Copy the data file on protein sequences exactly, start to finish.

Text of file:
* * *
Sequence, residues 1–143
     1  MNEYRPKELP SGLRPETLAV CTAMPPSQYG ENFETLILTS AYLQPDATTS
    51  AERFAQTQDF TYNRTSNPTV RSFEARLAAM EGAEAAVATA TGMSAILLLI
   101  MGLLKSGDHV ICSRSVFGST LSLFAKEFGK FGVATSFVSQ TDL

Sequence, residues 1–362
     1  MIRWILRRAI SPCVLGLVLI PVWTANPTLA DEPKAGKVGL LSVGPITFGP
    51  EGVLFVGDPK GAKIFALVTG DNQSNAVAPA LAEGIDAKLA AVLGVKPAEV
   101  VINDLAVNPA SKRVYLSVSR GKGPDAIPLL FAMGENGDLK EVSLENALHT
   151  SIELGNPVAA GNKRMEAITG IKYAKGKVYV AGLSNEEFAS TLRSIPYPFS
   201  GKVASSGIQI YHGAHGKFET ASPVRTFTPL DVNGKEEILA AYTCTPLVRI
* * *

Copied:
Sequence, residues 1–143
     1  MNEYRPKELP SGLRPETLAV CTAMPPSQYG ENFETLILTS AYLQPDATTS
    51  AERFAQTQDF TYNRTSNPTV RSFEARLAAM EGAEAAVATA TGMSAILLLI
   101  MGLLKSGDHV ICSRSVFGST LSLFAKEFGK FGVATSFVSQ TDL

Sequence, residues 1–362
     1  MIRWILRRAI SPCVLGLVLI PVWTANPTLA DEPKAGKVGL LSVGPITFGP
    51  EGVLFVGDPK GAKIFALVTG DNQSNAVAPA LAEGIDAKLA AVLGVKPAEV
   101  VINDLAVNPA SKRVYLSVSR GKGPDAIPLL FAMGENGDLK EVSLENALHT
   151  SIELGNPVAA GNKRMEAITG IKYAKGKVYV AGLSNEEFAS TLRSIPYPFS
   201  GKVASSGIQI YHGAHGKFET ASPVRTFTPL DVNGKEEILA AYTCTPLVRI